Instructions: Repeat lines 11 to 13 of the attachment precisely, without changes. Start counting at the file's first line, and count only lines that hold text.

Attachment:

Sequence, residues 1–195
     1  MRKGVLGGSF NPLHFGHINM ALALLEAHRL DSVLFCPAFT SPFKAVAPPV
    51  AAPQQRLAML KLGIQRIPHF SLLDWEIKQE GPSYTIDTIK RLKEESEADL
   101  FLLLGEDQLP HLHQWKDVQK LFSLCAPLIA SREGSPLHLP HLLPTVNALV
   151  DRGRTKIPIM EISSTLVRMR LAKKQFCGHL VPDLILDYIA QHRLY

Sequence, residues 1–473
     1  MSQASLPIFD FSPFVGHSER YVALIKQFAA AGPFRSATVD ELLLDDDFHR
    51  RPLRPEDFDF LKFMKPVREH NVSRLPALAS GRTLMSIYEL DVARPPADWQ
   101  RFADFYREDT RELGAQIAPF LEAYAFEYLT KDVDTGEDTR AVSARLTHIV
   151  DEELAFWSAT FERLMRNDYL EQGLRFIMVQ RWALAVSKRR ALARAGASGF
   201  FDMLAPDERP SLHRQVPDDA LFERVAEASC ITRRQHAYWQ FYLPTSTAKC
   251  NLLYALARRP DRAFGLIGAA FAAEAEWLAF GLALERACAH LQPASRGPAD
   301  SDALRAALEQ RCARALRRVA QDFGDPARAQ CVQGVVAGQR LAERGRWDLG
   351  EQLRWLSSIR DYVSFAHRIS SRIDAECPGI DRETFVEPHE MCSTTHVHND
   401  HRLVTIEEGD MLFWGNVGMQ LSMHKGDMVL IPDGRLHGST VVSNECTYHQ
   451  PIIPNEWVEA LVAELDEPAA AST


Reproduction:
   201  FDMLAPDERP SLHRQVPDDA LFERVAEASC ITRRQHAYWQ FYLPTSTAKC
   251  NLLYALARRP DRAFGLIGAA FAAEAEWLAF GLALERACAH LQPASRGPAD
   301  SDALRAALEQ RCARALRRVA QDFGDPARAQ CVQGVVAGQR LAERGRWDLG